Hello, reader. Reader, here’s Wargame Showcase. Wargame Showcase, here’s my favourite reader. What kind of cryptic concoction is this? Well, my dearest, Wargame Showcase is a new feature by yours truly. Expertly crafted- afters years of study- to showcase games that might interest you, focusing on a couple of very specific parameters such as Historical Authenticity, Mechanical Depth and treatment of the Subject Matter. Wargame Showcase will run alongside it’s twin brother “Strategical Showcase” where “Strategy” games, in a more traditional sense, will get the same treatment.
Similiar to the base game, Field of Glory II: Medieval, the new endeavour from Byzantine Games, Field of Glory II: Medieval – Reconquista takes the formula we’ve grown so accustomed to since the original FoG II 2017 and transposes it’s systems, with their due adaptations, into the later formative years of of the medievo period.
Wishing to avoid any mistakes and misinterpretations, I’ll disclaim that I have graduated in history, with the medieval period – mainly systems of law and the nature of warfare – taking a very special place in my heart. Nevertheless, let’s have a look at how good FoG II is at being a video game and, more importantly, how good it is at portraying medieval warfare.
Medieval warfare was, in all honesty, a far cry from the grandiose battles of the Ancient (or Classical) Period. Poorly armed war bands of a couple thousand, more often than not, a couple hundred, lead by a dozen knights would do small incursions into neighbouring lands to plunder what they could. Of course, this unfortunate reality wouldn’t make for an interesting game and/or spectacle. It wasn’t until the late medieval ages that armies would turn semi-professional, with formal training and discipline hammered into the men, and a sense of collective interest and nationality instilled into their ideals. Make no mistake, poor peasants, small business owners and craftsmen had absolutely no interest in the petty affairs of Dukes, Barons and Kings. It wasn’t rare for them to boycott and expose violent behaviours in some parts of Europe. Having studied extensively the historical records of medieval “Cortes”, everybody agrees that the urban and countryside militia had a very prominent role in medieval society. The Portuguese Cortes are, for the lack of a better term, a solemn occasion hosted by the King where he call upon the noblemen, clergymen and representatives of the common folk to voice their concerns, troubles and problems, and after deliberation, would issue a statement that would then be turned into law. Why does this matter for warfare? Simple, because it allows us to establish a deep connection between the urban militias and the reigning king at the time.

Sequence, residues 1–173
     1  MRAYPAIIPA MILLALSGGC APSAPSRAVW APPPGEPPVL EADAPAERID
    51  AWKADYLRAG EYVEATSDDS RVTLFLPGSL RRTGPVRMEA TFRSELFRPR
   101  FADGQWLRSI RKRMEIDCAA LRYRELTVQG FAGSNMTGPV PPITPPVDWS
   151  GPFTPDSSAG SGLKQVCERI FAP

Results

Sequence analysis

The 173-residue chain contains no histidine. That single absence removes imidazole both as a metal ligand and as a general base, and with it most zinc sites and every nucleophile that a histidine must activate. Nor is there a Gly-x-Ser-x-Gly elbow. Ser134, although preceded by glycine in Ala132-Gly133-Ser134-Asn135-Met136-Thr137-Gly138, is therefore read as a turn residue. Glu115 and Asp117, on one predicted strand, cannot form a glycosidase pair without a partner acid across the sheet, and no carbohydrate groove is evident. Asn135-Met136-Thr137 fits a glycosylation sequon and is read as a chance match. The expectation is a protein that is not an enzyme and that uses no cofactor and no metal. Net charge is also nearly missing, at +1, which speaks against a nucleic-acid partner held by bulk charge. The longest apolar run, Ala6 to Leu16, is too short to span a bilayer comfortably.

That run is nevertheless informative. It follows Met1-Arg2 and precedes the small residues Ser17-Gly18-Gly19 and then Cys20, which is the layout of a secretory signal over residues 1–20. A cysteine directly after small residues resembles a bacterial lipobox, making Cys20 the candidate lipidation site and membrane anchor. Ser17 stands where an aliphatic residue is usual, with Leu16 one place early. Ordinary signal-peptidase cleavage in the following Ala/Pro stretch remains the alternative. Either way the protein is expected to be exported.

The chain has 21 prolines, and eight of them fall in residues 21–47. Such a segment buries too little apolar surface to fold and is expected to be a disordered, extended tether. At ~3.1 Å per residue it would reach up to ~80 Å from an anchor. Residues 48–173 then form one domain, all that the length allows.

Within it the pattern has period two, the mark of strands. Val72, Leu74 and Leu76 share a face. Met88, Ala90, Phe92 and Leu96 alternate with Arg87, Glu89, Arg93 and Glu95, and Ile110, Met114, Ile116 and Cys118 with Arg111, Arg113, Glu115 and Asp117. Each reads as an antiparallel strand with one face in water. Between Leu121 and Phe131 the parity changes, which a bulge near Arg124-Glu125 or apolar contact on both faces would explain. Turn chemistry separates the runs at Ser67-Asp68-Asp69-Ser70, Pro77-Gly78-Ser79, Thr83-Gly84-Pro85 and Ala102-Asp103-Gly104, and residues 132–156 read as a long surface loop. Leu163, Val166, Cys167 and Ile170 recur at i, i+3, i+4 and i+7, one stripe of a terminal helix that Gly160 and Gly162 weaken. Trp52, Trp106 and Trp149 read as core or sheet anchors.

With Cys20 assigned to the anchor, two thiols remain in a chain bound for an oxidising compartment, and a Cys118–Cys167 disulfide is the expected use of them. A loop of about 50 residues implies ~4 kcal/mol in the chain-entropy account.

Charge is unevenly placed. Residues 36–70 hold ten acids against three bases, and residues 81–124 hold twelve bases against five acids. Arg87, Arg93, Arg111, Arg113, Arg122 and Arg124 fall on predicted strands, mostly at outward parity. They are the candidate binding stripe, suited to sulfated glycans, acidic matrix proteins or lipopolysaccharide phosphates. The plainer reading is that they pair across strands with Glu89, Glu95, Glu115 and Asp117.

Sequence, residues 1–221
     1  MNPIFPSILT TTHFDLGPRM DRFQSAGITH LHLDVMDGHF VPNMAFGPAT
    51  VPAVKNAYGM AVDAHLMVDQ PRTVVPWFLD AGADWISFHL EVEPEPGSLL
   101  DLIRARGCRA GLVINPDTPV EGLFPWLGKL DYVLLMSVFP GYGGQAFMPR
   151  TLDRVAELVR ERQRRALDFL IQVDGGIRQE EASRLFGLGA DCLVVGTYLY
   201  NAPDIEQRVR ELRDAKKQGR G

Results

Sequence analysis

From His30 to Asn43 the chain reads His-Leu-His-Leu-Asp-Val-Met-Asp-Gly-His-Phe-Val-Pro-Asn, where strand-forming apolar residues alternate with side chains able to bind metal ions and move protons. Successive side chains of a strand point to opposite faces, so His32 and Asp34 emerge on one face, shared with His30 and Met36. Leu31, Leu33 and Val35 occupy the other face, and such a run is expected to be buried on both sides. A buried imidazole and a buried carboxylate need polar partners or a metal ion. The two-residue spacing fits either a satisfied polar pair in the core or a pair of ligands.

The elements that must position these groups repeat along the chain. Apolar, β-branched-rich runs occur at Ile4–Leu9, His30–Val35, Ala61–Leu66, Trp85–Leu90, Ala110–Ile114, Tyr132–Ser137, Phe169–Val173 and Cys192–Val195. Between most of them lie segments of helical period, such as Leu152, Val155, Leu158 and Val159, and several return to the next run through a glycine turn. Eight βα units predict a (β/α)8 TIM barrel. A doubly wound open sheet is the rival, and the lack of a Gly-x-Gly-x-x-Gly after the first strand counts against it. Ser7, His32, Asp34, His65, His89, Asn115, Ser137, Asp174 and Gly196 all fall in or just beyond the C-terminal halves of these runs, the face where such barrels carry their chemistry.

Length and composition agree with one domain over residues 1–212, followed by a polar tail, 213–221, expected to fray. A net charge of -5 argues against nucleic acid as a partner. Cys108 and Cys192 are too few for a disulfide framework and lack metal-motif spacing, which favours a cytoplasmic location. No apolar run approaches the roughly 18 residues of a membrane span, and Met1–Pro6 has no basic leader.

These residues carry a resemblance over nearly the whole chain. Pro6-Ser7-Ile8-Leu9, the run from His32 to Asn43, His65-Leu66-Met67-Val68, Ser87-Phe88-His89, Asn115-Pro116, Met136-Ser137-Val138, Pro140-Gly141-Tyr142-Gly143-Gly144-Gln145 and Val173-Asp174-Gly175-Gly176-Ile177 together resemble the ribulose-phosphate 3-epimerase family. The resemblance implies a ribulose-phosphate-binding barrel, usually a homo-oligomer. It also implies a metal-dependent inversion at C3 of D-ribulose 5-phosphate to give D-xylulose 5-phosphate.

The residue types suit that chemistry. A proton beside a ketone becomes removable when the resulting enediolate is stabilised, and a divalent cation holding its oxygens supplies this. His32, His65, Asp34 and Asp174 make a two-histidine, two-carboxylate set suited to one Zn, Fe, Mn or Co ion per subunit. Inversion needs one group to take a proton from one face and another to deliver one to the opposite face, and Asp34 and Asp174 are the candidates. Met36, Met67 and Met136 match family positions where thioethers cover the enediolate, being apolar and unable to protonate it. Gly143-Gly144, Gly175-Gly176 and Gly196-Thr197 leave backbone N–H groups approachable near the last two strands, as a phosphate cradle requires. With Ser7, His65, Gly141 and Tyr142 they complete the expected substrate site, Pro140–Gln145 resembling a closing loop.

From the early 8th century onward, after the defeat of King Roderick on the battle of Guadalete, central Europe had become a target for the Emirate of Córdoba and the Omayyad Caliphate. These ambitions would be curbed in 732, after Charles Martel, (Charles The Hammer) defeated the Muslim invaders at the battle of Poitiers.
There was a semi-clear cultural divide across the European continent, with the Christendom and Paganism- whose mutual influence is well nigh undeniable- dominating central Europe, the British Isles and the Fjord lands, and the northern mountains of the Iberian Peninsula. This parallel split of north and south of the Mediterranean also extended into the military domain, with Arabic and Christian armies differentiating a lot between them. In the medieval enluminures and historical documentation, Christian commanders are depicted as employing medium to heavy cavalry either as the shock troops or as a flanking force. While they Arabic counterparts employed light and medium horsemen with great success until the early 10th century but rarely after that. Their archetypal mounted forces were mainly composed of lightly armoured cavalry whose focus was to force the enemy into several engagements over long periods of time, barely committing decisively. While they could flank and harass, their use has never intended as shock troops, a significant different that will play out in the Christians favour later on. Another significant difference was in the field of ranged weapons, with Muslims rarely using crossbows, except for few example in the Peninsula, preferring mainly the use of regular, massed formations of archers that used small to medium poundage bows.